But doubts have accumulated, with a slowdown in household spending and business investment at the start of this year possibly signaling an early end to a growth spurt triggered in 2018 by a massive tax cut package and government spending.

 

The economic projections released on Wednesday showed policymakers at the median see the U.S. economy growing only 2.1 percent in 2019, a full percentage point below the roughly 3 percent growth that was seen in 2018 and which the Trump administration contends will continue.

 

'MORE DOVISH'

The new rate view brings the Fed in line with investors who have argued the central bank would not raise rates this year.

 

"I didn't think they'd do it, but they came across as more dovish than what was expected," said Brian Jacobsen, senior investment strategist for Wells Fargo Asset Management.

 

The outlook is now also in line with President Donald Trump's criticism of Fed rate hikes as endangering the recovery, though for the awkward reason that Fed officials do not see his policies having a lasting impact on growth.

 

Fed funds futures contracts began pricing in a better-than-even chance of a rate cut by next year after the release of the policy statement and projections.

 

Powell pushed back on that view, saying the U.S. economy is in a "good place" and that the outlook is "positive."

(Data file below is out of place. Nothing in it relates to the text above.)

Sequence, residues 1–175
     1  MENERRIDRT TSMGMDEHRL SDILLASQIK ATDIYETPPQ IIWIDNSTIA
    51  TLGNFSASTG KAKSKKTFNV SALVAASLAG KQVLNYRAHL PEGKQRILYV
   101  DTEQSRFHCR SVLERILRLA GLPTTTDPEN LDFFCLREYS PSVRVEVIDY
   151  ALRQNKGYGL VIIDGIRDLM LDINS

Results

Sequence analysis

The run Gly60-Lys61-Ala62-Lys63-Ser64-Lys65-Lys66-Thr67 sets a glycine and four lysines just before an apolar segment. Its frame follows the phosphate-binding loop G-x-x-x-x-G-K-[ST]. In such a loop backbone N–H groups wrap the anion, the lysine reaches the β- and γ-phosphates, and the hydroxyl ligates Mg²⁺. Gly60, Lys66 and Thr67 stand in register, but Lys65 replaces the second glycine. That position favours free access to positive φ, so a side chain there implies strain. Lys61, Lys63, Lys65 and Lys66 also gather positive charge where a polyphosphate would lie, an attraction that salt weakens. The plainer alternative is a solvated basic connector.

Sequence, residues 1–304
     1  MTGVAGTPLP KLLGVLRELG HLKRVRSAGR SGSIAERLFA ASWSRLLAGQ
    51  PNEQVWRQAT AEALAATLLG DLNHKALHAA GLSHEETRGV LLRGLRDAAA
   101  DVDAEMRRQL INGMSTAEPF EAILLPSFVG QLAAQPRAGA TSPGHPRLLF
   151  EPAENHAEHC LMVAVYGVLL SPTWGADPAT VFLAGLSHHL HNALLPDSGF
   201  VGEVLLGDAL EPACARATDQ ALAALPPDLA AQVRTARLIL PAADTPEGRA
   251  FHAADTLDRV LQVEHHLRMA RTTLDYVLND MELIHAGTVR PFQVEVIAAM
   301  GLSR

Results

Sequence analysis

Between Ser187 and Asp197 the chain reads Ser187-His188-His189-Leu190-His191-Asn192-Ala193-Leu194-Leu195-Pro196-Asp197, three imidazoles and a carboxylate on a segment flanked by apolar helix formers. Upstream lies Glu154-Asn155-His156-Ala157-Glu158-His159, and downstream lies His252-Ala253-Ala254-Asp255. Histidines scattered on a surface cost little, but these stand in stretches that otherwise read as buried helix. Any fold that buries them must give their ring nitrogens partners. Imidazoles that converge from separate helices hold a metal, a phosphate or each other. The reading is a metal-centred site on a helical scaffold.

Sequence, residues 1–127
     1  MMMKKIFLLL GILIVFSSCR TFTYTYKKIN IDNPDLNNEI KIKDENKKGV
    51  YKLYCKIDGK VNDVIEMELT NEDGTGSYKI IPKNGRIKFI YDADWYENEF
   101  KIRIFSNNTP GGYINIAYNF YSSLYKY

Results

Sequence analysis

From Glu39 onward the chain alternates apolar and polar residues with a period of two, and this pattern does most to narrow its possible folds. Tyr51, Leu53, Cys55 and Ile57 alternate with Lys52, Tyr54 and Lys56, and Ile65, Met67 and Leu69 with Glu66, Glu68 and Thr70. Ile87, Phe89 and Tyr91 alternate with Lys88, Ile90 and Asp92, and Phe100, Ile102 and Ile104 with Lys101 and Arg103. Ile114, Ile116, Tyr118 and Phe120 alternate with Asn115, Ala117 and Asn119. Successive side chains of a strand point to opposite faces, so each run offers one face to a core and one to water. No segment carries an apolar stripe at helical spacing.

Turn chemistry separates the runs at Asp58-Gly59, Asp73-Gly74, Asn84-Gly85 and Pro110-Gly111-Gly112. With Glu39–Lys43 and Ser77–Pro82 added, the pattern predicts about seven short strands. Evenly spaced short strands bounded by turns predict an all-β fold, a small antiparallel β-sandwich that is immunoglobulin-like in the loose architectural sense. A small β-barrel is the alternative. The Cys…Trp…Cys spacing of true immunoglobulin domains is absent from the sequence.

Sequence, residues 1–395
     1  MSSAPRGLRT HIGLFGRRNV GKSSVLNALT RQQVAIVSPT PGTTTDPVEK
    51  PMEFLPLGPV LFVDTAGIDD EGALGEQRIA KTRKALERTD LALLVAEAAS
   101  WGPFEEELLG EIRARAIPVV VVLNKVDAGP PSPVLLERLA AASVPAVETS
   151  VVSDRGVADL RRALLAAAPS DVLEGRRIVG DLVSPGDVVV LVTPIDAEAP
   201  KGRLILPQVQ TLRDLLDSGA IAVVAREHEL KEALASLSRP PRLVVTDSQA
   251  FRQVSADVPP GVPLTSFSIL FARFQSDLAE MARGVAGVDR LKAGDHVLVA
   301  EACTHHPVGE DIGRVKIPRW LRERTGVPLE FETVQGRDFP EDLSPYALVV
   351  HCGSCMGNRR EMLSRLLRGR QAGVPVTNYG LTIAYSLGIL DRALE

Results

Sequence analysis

Still, he said, there are ongoing risks, including those related to Britain's exit from the European Union, U.S. trade talks with China, and even the outlook for the U.S. economy, which he said the Fed is watching closely.

 

"The data are not currently sending a signal that we need to move in one direction or another, in my view," he said. "It's a great time for us to be patient."

 

Benchmark U.S. stock market indexes swung higher after the Fed's statement was released before giving up the gains later in the trading session, and key Treasury security yields dropped to the lowest levels since early January. The dollar weakened broadly against major trading partners' currencies.

 

"The Fed exceeded markets' dovish expectations, which took a toll on the greenback," said Joe Manimbo, senior market analyst at Western Union Business Solutions in Washington. "The Fed did a big about-face on policy. The fact that the Fed threw in the towel on a 2019 rate hike was particularly dovish."

 

The new economic projections showed weakening on all fronts compared to the Fed's forecasts from December. In addition to the growth slowdown, the unemployment rate for 2019 is forecast at 3.7 percent, slightly higher than forecast three months ago.

 

Inflation for the year is now seen at 1.8 percent, compared to the December forecast of 1.9 percent.

 

"Growth of economic activity has slowed from its solid rate in the fourth quarter," the Fed said. "Recent indicators point to slower growth of household spending and business fixed investment in the first quarter ... overall inflation has declined."

 

(Reporting by Howard Schneider and Trevor Hunnicutt; Writing by Howard Schneider and Ann Saphir; Editing by Dan Burns and Paul Simao)

 

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-- © Copyright Reuters 2019-03-21